We had a suggested donation of $20 per person.  Karen explained that the usual protocol at the shop's wine tastings is to subtract the cost of the wine from the total collected, with the sponsored group receiving the net proceeds.  Yesterday, however, Hess donated their wine, and so our RAAM team received all of the proceeds!  Thank you so much to the Hess Collection and the Marietta Wine Market for your generosity!

The Marietta Wine Market is a great store to visit even apart from the tastings. They feature all kinds of wines, including some from Georgia wineries and certain varieties that I can't find as readily in the shops closer to my home. Robert and I love wine; I wish we could afford to drink it every night! The Marietta Wine Market offers a 5% discount on six bottles and a 10% discount on 12 bottles. I selected the Hess Treo (the red blend from our tasting) and two of my favorite Georgia wines, a cabernet franc from Three Sisters and Inclination, a white from Frogtown. I also wanted to get a viognier, which I don't get to have very often, and a relatively dry riesling. Karen's husband Randall made some recommendations for these and also suggested another red blend to round out my six bottles.  Robert and I are set for a while now!

In addition to a terrific wine selection, the Marietta Wine Market also has some cheeses and wine related gift items. As if that weren't enough, they even have Nelson the wine dog!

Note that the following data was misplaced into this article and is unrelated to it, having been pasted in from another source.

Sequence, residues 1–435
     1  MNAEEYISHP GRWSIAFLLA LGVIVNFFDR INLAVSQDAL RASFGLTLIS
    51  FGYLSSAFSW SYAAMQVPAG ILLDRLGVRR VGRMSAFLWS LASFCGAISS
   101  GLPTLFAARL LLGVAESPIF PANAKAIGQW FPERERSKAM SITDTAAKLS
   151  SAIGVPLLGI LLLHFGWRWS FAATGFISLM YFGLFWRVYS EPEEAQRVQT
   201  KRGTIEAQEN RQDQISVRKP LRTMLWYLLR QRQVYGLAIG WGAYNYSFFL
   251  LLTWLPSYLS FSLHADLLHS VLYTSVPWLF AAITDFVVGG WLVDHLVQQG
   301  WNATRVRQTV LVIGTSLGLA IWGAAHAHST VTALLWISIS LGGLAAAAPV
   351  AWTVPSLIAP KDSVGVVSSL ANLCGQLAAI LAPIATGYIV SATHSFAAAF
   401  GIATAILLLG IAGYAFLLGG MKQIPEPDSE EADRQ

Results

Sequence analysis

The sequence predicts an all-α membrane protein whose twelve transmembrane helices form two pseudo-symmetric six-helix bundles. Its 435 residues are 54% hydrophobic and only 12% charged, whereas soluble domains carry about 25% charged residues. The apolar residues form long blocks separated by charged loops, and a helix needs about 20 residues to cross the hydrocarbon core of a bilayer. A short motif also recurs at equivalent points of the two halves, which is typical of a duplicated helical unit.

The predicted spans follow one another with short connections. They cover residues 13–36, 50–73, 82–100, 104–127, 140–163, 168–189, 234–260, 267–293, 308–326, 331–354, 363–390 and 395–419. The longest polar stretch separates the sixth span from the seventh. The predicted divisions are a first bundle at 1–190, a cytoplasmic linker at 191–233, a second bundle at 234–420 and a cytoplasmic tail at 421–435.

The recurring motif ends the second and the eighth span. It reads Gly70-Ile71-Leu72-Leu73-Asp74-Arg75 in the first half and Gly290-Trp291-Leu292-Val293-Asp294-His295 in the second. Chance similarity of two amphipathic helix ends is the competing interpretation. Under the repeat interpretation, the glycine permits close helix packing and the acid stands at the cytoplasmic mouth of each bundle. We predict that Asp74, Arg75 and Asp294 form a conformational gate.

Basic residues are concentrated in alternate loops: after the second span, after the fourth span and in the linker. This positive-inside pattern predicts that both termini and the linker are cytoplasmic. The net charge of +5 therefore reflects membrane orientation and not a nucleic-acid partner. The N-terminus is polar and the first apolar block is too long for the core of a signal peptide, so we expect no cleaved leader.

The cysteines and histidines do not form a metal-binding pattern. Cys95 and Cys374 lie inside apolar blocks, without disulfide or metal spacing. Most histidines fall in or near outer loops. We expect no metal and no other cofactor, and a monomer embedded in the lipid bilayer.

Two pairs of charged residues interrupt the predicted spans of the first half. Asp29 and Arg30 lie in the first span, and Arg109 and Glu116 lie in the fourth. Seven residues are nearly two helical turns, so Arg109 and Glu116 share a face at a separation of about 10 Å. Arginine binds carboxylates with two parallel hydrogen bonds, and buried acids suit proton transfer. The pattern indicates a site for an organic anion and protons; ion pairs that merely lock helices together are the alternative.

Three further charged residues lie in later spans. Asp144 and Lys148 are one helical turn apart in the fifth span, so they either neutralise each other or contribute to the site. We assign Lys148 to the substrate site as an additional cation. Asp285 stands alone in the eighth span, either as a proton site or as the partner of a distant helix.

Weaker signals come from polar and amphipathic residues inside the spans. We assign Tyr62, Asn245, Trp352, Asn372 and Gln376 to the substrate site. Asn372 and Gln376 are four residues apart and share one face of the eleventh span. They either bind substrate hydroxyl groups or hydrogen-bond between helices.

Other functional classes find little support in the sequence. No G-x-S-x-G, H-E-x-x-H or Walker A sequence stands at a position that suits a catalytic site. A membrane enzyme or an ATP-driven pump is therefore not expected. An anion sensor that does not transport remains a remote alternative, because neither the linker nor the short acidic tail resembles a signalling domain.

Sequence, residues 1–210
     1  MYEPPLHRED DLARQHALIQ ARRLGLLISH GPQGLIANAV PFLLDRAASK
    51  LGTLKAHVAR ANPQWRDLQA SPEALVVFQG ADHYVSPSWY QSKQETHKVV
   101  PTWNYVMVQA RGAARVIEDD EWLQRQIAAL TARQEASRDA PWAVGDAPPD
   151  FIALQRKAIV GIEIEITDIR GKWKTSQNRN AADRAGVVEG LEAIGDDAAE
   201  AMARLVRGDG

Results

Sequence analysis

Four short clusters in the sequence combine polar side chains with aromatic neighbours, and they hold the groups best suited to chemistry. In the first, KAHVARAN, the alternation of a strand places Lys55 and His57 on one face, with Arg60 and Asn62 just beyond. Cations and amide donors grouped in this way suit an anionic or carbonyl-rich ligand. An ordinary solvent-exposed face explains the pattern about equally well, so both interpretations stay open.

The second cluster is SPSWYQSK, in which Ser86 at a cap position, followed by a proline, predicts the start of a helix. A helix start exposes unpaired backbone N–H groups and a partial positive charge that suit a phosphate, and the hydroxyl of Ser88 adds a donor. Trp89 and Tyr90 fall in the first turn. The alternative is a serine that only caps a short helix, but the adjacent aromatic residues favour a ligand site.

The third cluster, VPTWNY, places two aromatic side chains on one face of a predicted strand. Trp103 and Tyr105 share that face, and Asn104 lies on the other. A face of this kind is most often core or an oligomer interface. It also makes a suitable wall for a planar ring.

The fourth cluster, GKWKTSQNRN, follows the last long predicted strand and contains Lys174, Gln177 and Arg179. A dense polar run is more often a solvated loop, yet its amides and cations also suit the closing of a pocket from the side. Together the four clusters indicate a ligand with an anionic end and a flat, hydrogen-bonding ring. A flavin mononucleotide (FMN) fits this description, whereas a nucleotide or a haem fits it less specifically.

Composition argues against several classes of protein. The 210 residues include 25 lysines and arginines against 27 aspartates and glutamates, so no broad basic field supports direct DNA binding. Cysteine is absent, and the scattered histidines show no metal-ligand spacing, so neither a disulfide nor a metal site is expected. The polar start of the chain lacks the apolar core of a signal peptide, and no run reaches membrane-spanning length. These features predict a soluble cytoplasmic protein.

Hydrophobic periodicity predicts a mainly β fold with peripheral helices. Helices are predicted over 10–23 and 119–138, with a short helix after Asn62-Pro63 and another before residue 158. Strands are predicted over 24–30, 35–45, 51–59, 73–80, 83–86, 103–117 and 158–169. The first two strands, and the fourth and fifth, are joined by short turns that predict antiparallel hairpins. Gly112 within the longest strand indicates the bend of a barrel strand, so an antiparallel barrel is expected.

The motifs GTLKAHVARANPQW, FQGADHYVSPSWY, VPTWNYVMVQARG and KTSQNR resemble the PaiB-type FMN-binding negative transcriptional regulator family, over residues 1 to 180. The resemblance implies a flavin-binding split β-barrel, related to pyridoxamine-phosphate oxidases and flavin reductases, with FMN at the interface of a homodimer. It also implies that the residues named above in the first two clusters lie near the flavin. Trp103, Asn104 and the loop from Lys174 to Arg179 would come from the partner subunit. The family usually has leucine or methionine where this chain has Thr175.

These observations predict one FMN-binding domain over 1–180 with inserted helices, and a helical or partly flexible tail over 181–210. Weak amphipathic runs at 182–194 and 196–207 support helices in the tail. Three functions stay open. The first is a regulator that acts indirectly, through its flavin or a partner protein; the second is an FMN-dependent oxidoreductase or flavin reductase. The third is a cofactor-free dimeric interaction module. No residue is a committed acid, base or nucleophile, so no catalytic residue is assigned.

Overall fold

I really haven't even gotten to the best part of our event. I was thrilled and humbled that so many good friends came out to support our RAAM team. My Georgia Tandem Rally friends were well represented by John and Mitzi Boland, Eve Kofsky, and Roger Strauss. Robert and I join them and about 100 other tandem teams every May for an incredibly fun, tandem-only long weekend. (Sorry I didn't get any photos of y'all yesterday...)

Also, my friends Felicia and Charles Hardnett came all the way from Conyers to join us!

Felicia and I were high school classmates, and Charles was a year ahead of us. I'm so glad we've been able to keep in touch over the years. That's definitely one of the best things about Facebook!

Two of our RAAM crew members joined us as well, Dan and James.  (We're still assembling our crew but have a great start with these two and Brigette, our crew chief!)  Other supporters included several Sorella cycling club members, some friends of friends, and even a few local people who just like to come to the Marietta Wine Market.

Between the wine tasting and raffle, we made about $1,000 - a great start to our fundraising! Thank you again to the Marietta Wine Market, the Hess Collection, and all of our friends for making is such a fun and successful day.

Monday, December 8, 2014

Silk Sheets 200K Brevet